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# FINS2624 Portfolio

Management
Tutorial 11 Week 12

Problem Set 11
Q1a. Consider the data in the table:

## What is the price of a European call option with the properties as

described in the table?
A.

ct St N d1 Xe r T t N d 2
d1

S
ln t
X

d 2 d1

2

T t
r
2

T t

T t

Problem Set 11
Continued A.

0.352
132
1.5
ln
0.03
2
100
d1
0.9670
0.35 1.5
d 2 0.9670 0.35 1.5 0.5383
N d1 N 0.9670 0.8332

N d 2 N 0.5383 0.7048
ct 132 0.8332 100e 0 .031.5 0.7048
ct 42.60

Problem Set 11
Q1b. What is the price of the corresponding European put option?
A.

p t St Xe r T t ct
p t 132 100e 0.031.5 42.60
pt 6.20

Problem Set 11
Q1c. How would you expect the put and call prices to change if the risk free
interest rate increased to 4%?
A.

Greek letter
Delta,
Theta,
Vega,
Rho,
None

Variable

Call option

Put option

St
t

r
X

Positive
Negative
Positive
Positive
Negative

Negative
(Typically) negative
Positive
Negative
Positive

## For call option:

=+ ve
Call option gives the right to buy stocks at fixed price at time t. Thats a negative CF; we
buy the stocks. We would like to discount it as largely as possible. So higher interest
rate makes the call options more valuable.
For Put option:

= -ve
Put option gives the right to sell stocks at fixed price at time t. Thats a positive CF; we
sell the stocks. We would like to discount it as less heavily as possible. So higher
interest rate makes the put options less valuable.

Problem Set 11
Q1d. Show that, in general, the price of a European put option is:
pt = Xer(T t)N(d2) SN(d1)
A.

pt St Xe r T t ct

pt St Xe r T t St N d1 Xe r T t N d 2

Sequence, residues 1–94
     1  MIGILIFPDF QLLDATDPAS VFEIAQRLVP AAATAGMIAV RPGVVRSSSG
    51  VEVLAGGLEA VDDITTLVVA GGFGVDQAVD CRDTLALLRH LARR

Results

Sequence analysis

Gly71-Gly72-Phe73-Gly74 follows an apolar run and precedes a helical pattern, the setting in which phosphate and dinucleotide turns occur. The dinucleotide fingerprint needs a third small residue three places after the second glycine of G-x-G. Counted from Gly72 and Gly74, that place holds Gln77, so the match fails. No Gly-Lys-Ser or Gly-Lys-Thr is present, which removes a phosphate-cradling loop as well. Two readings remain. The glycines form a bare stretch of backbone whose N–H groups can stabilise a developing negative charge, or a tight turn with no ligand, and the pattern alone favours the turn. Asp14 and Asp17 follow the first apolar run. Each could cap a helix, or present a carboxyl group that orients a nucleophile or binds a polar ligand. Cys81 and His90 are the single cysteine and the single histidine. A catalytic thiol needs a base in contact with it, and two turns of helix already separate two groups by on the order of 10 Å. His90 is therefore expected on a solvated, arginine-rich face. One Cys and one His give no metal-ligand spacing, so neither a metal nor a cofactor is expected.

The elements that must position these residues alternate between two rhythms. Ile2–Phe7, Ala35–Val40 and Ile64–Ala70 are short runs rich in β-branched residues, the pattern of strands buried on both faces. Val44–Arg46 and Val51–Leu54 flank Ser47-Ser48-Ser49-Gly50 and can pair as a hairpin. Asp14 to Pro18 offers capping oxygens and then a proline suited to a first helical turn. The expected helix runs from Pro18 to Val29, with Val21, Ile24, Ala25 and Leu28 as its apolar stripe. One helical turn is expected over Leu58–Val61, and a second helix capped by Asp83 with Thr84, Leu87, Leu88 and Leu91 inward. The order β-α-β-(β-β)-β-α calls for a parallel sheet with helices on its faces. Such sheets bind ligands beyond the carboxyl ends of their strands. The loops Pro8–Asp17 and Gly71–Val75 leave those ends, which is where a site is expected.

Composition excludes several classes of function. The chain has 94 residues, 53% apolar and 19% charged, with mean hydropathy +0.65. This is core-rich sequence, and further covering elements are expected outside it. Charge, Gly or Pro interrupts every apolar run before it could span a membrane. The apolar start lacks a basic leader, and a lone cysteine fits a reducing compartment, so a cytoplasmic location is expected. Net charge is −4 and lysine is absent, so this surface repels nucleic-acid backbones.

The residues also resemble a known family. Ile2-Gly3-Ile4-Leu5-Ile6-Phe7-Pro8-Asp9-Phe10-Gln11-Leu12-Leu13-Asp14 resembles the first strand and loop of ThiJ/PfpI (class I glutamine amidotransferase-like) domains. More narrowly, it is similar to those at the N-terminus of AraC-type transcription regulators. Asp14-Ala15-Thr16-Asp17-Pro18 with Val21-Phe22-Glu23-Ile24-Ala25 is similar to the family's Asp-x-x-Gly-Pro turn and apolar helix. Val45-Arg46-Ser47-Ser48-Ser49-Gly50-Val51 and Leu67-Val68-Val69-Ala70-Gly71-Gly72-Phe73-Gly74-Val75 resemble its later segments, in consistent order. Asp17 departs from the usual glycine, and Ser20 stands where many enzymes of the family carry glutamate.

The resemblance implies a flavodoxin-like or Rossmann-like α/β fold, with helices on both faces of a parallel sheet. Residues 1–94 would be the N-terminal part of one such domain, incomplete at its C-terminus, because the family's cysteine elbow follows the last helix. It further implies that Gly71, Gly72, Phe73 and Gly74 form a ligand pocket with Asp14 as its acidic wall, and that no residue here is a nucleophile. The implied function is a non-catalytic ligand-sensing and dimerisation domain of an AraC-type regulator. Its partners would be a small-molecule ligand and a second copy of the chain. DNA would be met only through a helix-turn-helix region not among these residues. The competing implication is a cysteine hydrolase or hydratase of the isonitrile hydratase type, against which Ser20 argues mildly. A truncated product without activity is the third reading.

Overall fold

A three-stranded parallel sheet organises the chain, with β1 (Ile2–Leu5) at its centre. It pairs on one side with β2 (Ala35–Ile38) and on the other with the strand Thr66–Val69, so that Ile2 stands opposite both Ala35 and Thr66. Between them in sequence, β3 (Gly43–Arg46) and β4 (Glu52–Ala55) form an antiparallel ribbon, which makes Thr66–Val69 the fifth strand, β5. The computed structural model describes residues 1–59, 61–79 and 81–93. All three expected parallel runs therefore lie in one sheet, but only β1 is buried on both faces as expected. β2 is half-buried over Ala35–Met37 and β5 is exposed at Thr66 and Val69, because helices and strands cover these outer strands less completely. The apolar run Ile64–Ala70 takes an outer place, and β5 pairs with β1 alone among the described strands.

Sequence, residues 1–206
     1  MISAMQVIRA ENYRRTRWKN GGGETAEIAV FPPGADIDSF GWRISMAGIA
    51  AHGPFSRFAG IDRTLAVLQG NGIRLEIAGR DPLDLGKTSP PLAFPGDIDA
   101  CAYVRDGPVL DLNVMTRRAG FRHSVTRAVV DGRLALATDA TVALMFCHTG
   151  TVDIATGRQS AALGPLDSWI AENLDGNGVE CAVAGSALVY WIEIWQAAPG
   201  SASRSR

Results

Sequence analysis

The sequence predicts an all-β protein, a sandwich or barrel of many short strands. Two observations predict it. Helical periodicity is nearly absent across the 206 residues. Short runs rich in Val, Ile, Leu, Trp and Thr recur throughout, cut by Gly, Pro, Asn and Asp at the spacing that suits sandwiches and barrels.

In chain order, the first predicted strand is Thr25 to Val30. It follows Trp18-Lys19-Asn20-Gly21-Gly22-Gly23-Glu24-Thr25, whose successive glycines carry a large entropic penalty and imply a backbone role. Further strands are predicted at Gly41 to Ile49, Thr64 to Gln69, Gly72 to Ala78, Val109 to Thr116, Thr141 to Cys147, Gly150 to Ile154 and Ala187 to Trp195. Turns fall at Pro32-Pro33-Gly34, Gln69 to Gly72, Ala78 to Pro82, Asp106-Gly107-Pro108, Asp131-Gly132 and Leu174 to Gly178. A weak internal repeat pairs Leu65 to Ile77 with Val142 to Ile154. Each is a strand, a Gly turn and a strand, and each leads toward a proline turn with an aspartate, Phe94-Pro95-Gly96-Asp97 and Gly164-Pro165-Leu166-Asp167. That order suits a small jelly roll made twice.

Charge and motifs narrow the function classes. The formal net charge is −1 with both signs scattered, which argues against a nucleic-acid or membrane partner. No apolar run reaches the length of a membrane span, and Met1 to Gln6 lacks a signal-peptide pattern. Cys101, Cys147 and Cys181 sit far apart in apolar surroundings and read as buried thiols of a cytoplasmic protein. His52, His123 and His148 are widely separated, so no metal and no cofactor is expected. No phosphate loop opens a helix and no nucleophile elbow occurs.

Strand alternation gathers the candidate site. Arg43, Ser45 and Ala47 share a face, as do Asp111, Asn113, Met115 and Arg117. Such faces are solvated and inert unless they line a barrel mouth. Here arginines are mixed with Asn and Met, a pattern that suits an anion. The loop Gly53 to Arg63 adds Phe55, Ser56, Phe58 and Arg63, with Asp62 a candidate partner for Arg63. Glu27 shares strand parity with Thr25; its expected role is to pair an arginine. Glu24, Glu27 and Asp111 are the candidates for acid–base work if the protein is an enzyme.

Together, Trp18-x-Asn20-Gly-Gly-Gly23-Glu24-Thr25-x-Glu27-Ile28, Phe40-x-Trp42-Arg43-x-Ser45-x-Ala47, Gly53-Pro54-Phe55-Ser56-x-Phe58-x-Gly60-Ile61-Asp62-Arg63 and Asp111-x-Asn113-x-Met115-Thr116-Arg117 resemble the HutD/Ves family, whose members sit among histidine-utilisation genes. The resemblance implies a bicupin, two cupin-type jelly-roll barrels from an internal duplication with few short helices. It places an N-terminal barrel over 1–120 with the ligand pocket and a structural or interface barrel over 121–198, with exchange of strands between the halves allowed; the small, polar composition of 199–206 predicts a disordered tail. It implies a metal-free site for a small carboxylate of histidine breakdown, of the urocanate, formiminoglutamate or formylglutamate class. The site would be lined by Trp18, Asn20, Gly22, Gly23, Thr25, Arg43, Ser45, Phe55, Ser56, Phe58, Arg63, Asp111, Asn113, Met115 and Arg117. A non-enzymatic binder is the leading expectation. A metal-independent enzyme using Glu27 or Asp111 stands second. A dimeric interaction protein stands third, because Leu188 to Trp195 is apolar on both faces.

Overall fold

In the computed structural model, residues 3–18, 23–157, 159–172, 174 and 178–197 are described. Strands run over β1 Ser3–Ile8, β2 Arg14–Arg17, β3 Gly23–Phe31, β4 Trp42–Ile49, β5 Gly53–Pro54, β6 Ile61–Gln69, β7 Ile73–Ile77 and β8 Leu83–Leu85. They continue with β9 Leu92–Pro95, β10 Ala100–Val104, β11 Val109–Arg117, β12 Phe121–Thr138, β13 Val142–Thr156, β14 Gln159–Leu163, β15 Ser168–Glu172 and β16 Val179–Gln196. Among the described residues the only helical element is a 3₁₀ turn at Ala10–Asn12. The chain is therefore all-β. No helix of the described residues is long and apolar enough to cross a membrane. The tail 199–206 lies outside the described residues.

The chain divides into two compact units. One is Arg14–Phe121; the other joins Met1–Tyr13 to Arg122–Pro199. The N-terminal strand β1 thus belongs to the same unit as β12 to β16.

pt St N d1 St Xe r T t Xe r T t N d 2
pt Xe r T t 1 N d 2 St 1 N d1
pt Xe r T t N d 2 St N d1

Problem Set 11
Q1e. You hold 100 put options. What position would you have to take in
the underlying stock in order to be delta neutral?
A.

dp
put N d1 1
dS
put 0.8332 1 0.1668
d
Portfolio (100 0.1668) 16.68
dS

To make the portfolio delta neutral, we need to buy 16.68 stocks ( Delta
hedging). The movement in put values cancelled out by movement in
stocks.

Problem Set 11
Q1f. You hold 100 put options. What position would you have to take
in the call option in order to be delta neutral?
A.

dc
Call N d1 0.8332
dS
Portfolio 0 100 (0.1668) N Call 0.8332
N Call 20.02
To make the portfolio delta neutral need to buy 20.02 call options.

Problem Set 11
Q1g. The market price of the call option is \$42.60. What is the
implied volatility?
A. The market price of the option turns out to be the one that we already
have calculated. Therefore, the implied volatility is the volatility that
we used in the calculation of call option (35%). The B-S formula priced
this option accurately.

Problem Set 11
Q1h. Suppose you would estimate the historical volatility of S to30%.
What implications would that have for the volatility and/or the
Black-Scholes model?
A. Historic volatility is 30%. This does not have to be a contradiction
with Black-Scholes.
In B-S, we assume the volatility is constant for the rest of the life of the
option. If the historic volatility is 30%, it does not necessarily mean that
the volatility for the remaining life of the option would not be 35%. The BS
volatility is forward looking.

Problem Set 11
Q1i. If we accept the assumptions underlying the Black-Scholes
model, what should the implied volatility of a European call
option written on S with a time to expiration of 1.5 years and a
strike price of \$150?
A. We would expect it to be the same. Changes in the strike price is not
expected to change the volatility of the underlying stock.

Problem Set 11
Q1j. Suppose you find that the implied volatility for the option is
actually 40%. What implications would that have for the volatility
and/or the Black-Scholes model?
A.

Something is wrong.
Stock return may not be normally distributed.
transaction cost
something is not clicking
More research needed; how could we make the model more realisticwelcome
you guys to explore more.

Volatility smile: